International Transport Forum Road Safety Report — what about a rating system for road safety?

EDITOR’S NOTE: Spacing senior editor Shawn Micallef is in Germany this week attending the International Transport Forum. He’ll report throughout the week on workshops and seminars.

 

LEIPZIG, GERMANY — I’m here at the International Transport Forum in Leipzig, Germany, on assignment for Spacing. The latest road safety annual report was released by the International Traffic Safety Data and Analysis Group this morning; you can get the summary report here (pdf) or the full report here (pdf).

Overall the group found that road fatalities fell between 2011 and 2012 by 1.7% in the 31 participating countries, though it isn’t improving for the most vulnerable users (pedestrians, cyclists and motorcyclists). With cyclists the stagnant fatality rating is partially due to more people cycling, leading to more crashes. An interesting proposal that the group is working on is a kind of rating system for roads based on how dangerous they are, much how car makes have standardized safety ratings. In Canadian cities we tend to base our idea of how dangerous a road is by yearly “most crashes by intersection” stories, which are certainly valuable information, but a rating on the type of road, with, say, busy one-way arterial roads in city centre’s getting a poor rating, could lead to a wider rejection of certain kinds of roads (or political will to fix them) then they are simply deemed entirely dangerous.

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You can get a sense of some of the trends in this chart from the summary report. I asked about why Canada was conspicuously blank (warily, given our county’s aversion to data sometimes) but was told because transportation stats are collected by province here, they hadn’t been all collected in time.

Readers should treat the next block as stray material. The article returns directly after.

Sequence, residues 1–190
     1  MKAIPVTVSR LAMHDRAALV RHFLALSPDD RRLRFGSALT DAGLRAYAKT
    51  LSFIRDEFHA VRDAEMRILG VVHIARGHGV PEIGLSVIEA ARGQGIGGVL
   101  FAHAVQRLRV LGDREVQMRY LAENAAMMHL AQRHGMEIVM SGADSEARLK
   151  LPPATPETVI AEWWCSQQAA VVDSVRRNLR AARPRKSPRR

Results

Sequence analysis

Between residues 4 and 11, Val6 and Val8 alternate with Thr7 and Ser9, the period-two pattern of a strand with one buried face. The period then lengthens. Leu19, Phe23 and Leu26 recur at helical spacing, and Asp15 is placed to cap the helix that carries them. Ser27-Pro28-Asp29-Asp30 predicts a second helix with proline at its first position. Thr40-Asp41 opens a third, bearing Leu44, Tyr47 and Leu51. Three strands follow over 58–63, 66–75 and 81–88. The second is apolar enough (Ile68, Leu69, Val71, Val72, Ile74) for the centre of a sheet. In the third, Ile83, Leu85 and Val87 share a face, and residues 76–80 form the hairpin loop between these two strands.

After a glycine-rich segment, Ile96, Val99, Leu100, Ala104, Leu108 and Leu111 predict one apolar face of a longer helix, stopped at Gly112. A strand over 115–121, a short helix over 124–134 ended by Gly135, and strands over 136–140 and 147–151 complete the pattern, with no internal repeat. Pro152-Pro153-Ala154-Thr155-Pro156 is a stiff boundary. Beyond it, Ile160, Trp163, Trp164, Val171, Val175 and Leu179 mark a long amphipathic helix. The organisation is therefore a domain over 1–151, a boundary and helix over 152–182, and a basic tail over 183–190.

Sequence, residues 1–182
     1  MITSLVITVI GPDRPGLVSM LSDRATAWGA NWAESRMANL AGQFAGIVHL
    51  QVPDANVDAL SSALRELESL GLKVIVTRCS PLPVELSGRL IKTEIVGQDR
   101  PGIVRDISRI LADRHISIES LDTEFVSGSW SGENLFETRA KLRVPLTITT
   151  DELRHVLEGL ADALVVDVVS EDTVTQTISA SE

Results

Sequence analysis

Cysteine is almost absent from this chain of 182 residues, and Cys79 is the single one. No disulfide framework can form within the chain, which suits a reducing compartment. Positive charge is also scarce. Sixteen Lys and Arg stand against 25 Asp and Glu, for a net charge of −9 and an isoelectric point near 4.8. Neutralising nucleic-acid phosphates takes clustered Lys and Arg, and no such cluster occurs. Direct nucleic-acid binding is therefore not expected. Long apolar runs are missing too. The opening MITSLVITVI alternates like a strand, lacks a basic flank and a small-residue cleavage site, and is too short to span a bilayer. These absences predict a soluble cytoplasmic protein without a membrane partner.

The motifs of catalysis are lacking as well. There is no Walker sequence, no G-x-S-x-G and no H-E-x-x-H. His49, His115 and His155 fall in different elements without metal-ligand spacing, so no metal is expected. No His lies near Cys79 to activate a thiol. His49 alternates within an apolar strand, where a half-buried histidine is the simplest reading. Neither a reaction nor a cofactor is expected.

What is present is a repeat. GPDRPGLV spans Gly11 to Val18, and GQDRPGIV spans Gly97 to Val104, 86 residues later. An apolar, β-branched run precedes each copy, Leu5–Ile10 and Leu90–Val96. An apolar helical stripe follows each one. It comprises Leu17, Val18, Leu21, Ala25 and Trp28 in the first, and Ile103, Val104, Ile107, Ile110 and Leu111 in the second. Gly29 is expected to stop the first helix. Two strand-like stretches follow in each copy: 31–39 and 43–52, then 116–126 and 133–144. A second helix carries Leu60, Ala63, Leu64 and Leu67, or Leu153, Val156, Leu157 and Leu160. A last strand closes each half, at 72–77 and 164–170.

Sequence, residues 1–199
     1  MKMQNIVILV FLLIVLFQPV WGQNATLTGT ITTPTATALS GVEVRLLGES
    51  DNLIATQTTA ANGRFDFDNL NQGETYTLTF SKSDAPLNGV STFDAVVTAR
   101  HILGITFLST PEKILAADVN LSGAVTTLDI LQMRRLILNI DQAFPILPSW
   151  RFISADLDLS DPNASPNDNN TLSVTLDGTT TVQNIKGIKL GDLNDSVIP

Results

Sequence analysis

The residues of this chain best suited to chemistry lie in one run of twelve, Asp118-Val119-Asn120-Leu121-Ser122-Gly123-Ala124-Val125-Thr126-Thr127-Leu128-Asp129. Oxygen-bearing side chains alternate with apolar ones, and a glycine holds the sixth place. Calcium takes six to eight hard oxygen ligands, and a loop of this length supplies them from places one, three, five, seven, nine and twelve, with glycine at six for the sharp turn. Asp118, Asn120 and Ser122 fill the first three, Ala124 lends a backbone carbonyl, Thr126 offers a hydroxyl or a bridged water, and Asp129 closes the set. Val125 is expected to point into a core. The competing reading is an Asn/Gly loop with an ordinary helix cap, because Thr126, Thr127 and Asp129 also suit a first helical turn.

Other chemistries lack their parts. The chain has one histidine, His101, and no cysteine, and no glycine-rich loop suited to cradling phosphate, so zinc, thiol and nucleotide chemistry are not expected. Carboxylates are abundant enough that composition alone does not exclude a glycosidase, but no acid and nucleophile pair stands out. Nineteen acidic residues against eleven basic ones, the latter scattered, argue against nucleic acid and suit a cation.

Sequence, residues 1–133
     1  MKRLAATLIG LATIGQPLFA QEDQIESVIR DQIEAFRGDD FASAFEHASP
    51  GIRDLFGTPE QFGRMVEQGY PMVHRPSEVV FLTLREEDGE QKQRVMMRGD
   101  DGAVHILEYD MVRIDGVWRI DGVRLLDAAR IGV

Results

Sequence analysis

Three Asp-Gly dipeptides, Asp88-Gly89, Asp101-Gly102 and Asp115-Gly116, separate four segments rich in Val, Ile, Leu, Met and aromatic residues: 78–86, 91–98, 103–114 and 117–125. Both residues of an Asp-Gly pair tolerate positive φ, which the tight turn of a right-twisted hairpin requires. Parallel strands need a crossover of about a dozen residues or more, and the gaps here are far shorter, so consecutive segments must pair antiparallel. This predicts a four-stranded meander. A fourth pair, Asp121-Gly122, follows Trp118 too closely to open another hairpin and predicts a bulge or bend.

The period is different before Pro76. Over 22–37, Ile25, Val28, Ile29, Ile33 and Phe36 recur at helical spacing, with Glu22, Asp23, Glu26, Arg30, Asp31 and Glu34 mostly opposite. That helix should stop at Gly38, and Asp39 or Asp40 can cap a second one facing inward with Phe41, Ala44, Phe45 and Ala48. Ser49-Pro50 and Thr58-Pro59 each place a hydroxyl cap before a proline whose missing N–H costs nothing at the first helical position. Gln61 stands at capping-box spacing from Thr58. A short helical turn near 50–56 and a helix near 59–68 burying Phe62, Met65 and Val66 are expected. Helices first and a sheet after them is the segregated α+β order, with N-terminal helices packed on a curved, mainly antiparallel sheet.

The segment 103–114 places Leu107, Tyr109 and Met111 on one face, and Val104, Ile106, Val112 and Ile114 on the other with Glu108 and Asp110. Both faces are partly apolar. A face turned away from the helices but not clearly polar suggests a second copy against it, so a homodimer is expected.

Over on Twitter I’m chirping out updates as I see them as well.

 

One comment

  1. This seems akin to our “leadership” on climate change; except at least we’re somewhat aware of the data and it forms the basis for some justified criticisms. But that data – at least for cycling in TO – really doesn’t translate into any real on-street change for cyclists, as there’s been 30 years of crash data showing a consistent pattern of harm and crash on the east-west roads of the core, but we do not have too much change especially west of Bathurst St. I’m excessively negative from the Bloor bike lane file, where we’re now back to where we were 8 or 9 years ago with a bold study of bike lanes in the core 8kms, and in the meanwhile, gee, the road is being repaved but for status quo car travel, even though it’s parallel to the subway, tons of parking atop it, and we could ease the crush of the subway for the price of paint for a good bikeway. Bloor lanes are needed especially W of Ossington where Harbord ends.
    The status quo repaving of Bloor is also contrary to 3.2.2 and 3.2.3 of the Places to Grow Act, as it seems to mandate an improvement in biking conditions etc., with ordinary maintenance. The City, and this often seems to include the progressives and a few of the advocates, seem to be quite OK with dangerous sheiss, and doing nothing but maybe rebuilding a few existing bike lanes. The pilot for Richmond/Adelaide? – some progress – but R/A was in the Bike Plan a full 12 years ago…

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